BACKGROUND: Randomized controlled trials (RCTs) have yielded conflicting results regarding the ability of beta-blockers to influence perioperative cardiovascular morbidity and mortality. Thus routine prescription of these drugs in an unselected population remains a controversial issue. A previous version of this review assessing the effectiveness of perioperative beta-blockers in cardiac and non-cardiac surgery was last published in 2018. The previous review has now been split into two reviews according to type of surgery. This is an update, and assesses the evidence in non-cardiac surgery only. OBJECTIVES: To assess the effectiveness of perioperatively administered beta-blockers for the prevention of surgery-related mortality and morbidity in adults undergoing non-cardiac surgery. SEARCH METHODS: We searched CENTRAL, MEDLINE, Embase, CINAHL, Biosis Previews and Conference Proceedings Citation Index-Science on 28 June 2019. We searched clinical trials registers and grey literature, and conducted backward- and forward-citation searching of relevant articles. SELECTION CRITERIA: We included RCTs and quasi-randomized studies comparing beta-blockers with a control (placebo or standard care) administered during the perioperative period to adults undergoing non-cardiac surgery. If studies included surgery with different types of anaesthesia, we included them if 70% participants, or at least 100 participants, received general anaesthesia. We excluded studies in which all participants in the standard care control group were given a pharmacological agent that was not given to participants in the intervention group, studies in which all participants in the control group were given a beta-blocker, and studies in which beta-blockers were given with an additional agent (e.g. magnesium). We excluded studies that did not measure or report review outcomes. DATA COLLECTION AND ANALYSIS: Two review authors independently assessed studies for inclusion, extracted data, and assessed risks of bias. We assessed the certainty of evidence with GRADE. MAIN RESULTS: We included 83 RCTs with 14,967 participants; we found no quasi-randomized studies. All participants were undergoing non-cardiac surgery, and types of surgery ranged from low to high risk. Types of beta-blockers were: propranolol, metoprolol, esmolol, landiolol, nadolol, atenolol, labetalol, oxprenolol, and pindolol. In nine studies, beta-blockers were titrated according to heart rate or blood pressure. Duration of administration varied between studies, as did the time at which drugs were administered; in most studies, it was intraoperatively, but in 18 studies it was before surgery, in six postoperatively, one multi-arm study included groups of different timings, and one study did not report timing of drug administration. Overall, we found that more than half of the studies did not sufficiently report methods used for randomization. All studies in which the control was standard care were at high risk of performance bias because of the open-label study design. Only two studies were prospectively registered with clinical trials registers, which limited the assessment of reporting bias. In six studies, participants in the control group were given beta-blockers as rescue therapy during the study period.The evidence for all-cause mortality at 30 days was uncertain; based on the risk of death in the control group of 25 per 1000, the effect with beta-blockers was between two fewer and 13 more per 1000 (risk ratio (RR) 1.17, 95% confidence interval (CI) 0.89 to 1.54; 16 studies, 11,446 participants; low-certainty evidence). Beta-blockers may reduce the incidence of myocardial infarction by 13 fewer incidences per 1000 (RR 0.72, 95% CI 0.60 to 0.87; 12 studies, 10,520 participants; low-certainty evidence). We found no evidence of a difference in cerebrovascular events (RR 1.65, 95% CI 0.97 to 2.81; 6 studies, 9460 participants; low-certainty evidence), or in ventricular arrhythmias (RR 0.72, 95% CI 0.35 to 1.47; 5 studies, 476 participants; very low-certainty evidence). Beta-blockers may reduce atrial fibrillation or flutter by 26 fewer incidences per 1000 (RR 0.41, 95% CI 0.21 to 0.79; 9 studies, 9080 participants; low-certainty evidence). However, beta-blockers may increase bradycardia by 55 more incidences per 1000 (RR 2.49, 95% CI 1.74 to 3.56; 49 studies, 12,239 participants; low-certainty evidence), and hypotension by 44 more per 1000 (RR 1.40, 95% CI 1.29 to 1.51; 49 studies, 12,304 participants; moderate-certainty evidence).We downgraded the certainty of the evidence owing to study limitations; some studies had high risks of bias, and the effects were sometimes altered when we excluded studies with a standard care control group (including only placebo-controlled trials showed an increase in early mortality and cerebrovascular events with beta-blockers). We also downgraded for inconsistency; one large, well-conducted, international study found a reduction in myocardial infarction, and an increase in cerebrovascular events and all-cause mortality, when beta-blockers were used, but other studies showed no evidence of a difference. We could not explain the reason for the inconsistency in the evidence for ventricular arrhythmias, and we also downgraded this outcome for imprecision because we found few studies with few participants. AUTHORS' CONCLUSIONS: The evidence for early all-cause mortality with perioperative beta-blockers was uncertain. We found no evidence of a difference in cerebrovascular events or ventricular arrhythmias, and the certainty of the evidence for these outcomes was low and very low. We found low-certainty evidence that beta-blockers may reduce atrial fibrillation and myocardial infarctions. However, beta-blockers may increase bradycardia (low-certainty evidence) and probably increase hypotension (moderate-certainty evidence). Further evidence from large placebo-controlled trials is likely to increase the certainty of these findings, and we recommend the assessment of impact on quality of life. We found 18 studies awaiting classification; inclusion of these studies in future updates may also increase the certainty of the evidence.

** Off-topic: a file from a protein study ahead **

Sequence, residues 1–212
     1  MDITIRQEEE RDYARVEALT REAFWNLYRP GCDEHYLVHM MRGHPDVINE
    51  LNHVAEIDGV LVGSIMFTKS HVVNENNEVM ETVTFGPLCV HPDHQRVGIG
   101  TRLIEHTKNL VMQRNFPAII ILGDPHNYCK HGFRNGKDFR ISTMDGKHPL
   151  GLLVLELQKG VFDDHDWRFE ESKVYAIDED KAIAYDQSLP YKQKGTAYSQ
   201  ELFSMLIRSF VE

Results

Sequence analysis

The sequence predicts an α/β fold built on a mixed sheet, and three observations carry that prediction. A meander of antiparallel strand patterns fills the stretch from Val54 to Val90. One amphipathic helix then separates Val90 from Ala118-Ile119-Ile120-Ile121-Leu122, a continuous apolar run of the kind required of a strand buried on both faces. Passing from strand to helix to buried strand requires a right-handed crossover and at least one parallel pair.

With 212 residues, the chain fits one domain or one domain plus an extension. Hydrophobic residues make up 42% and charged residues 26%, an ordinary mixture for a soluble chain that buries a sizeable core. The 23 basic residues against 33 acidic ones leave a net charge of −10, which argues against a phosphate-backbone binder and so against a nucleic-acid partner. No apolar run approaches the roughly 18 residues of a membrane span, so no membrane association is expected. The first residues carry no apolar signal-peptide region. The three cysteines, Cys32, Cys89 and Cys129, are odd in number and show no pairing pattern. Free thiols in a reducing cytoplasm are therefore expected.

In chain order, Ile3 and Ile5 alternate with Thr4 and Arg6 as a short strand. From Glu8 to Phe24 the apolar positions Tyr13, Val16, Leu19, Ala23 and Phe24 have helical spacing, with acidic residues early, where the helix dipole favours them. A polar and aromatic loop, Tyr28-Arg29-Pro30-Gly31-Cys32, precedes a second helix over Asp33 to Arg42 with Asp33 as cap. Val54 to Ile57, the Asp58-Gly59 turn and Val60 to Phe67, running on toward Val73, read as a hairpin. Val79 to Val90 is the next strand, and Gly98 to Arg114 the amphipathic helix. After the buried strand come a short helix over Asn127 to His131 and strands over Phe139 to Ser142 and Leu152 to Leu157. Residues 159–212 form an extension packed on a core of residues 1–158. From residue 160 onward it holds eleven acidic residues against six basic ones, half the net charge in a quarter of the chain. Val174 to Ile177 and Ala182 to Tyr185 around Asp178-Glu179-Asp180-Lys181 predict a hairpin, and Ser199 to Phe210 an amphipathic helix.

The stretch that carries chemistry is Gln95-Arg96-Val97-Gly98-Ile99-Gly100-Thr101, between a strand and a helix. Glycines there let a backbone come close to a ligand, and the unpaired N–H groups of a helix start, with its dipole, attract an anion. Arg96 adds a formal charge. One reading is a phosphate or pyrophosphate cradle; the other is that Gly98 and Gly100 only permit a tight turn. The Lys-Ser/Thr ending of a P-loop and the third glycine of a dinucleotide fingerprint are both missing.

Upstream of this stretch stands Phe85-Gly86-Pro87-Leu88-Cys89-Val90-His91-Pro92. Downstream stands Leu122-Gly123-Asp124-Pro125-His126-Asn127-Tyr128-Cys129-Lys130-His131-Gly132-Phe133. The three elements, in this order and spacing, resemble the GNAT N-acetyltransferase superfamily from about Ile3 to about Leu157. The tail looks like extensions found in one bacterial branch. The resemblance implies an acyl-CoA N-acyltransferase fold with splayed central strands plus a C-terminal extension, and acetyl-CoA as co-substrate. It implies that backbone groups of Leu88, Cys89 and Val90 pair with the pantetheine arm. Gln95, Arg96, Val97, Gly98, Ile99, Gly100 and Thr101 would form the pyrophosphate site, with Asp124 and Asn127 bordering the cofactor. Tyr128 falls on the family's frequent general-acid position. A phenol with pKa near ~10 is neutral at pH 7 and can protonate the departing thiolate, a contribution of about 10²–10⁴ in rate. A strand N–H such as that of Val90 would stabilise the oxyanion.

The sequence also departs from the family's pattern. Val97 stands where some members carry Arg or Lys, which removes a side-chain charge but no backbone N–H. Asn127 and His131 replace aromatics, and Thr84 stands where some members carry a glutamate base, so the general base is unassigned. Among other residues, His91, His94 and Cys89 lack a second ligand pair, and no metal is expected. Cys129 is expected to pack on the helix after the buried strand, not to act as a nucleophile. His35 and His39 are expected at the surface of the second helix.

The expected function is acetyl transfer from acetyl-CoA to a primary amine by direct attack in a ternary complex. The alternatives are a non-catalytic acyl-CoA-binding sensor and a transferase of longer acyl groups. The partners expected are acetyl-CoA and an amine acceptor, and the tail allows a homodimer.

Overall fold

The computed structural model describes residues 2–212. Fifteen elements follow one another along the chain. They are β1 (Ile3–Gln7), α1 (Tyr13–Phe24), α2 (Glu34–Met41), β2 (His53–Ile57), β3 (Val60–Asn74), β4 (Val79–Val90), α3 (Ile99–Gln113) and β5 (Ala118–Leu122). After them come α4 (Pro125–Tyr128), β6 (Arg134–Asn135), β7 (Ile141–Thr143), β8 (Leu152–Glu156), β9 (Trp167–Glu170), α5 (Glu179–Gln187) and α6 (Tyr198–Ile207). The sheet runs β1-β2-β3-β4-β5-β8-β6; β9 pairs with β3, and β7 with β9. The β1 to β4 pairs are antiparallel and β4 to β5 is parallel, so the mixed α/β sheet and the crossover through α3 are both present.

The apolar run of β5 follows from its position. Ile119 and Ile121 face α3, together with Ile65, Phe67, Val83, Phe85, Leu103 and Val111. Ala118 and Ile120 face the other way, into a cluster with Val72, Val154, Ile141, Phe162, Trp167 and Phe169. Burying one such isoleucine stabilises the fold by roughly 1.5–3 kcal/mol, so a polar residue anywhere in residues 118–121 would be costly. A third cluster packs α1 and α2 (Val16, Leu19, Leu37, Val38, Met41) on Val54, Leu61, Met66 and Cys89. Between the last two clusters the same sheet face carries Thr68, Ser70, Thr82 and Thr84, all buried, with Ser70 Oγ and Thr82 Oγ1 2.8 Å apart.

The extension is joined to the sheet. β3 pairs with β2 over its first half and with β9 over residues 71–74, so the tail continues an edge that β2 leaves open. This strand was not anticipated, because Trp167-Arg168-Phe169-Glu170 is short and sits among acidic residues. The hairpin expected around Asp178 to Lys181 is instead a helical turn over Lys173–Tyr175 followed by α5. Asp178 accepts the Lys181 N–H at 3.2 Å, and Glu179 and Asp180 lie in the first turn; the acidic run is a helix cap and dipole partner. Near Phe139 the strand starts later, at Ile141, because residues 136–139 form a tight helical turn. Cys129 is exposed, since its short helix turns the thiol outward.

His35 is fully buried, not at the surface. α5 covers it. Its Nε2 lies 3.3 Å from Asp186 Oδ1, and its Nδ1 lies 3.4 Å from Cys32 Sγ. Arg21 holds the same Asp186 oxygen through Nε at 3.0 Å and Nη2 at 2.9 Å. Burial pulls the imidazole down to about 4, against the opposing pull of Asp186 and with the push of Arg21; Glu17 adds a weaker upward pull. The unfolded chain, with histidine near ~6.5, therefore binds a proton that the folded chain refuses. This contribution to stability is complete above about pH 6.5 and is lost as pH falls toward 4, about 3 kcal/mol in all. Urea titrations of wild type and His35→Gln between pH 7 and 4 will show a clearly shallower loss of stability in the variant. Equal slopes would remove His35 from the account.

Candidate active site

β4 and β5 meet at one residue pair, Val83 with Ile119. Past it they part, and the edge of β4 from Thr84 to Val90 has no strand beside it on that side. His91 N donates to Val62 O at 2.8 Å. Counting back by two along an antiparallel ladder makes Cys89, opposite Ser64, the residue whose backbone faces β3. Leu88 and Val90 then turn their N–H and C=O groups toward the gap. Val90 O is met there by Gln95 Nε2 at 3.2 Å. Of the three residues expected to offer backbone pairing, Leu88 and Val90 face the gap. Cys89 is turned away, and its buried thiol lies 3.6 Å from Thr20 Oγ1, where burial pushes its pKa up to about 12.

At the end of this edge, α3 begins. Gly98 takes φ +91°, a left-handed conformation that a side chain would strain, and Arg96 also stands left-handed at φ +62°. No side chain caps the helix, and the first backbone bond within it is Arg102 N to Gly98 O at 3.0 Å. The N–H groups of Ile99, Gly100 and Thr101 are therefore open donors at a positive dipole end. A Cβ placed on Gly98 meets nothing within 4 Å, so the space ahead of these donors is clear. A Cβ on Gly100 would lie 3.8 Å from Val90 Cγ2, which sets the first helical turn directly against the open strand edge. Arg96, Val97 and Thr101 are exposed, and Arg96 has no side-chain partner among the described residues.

Assuntos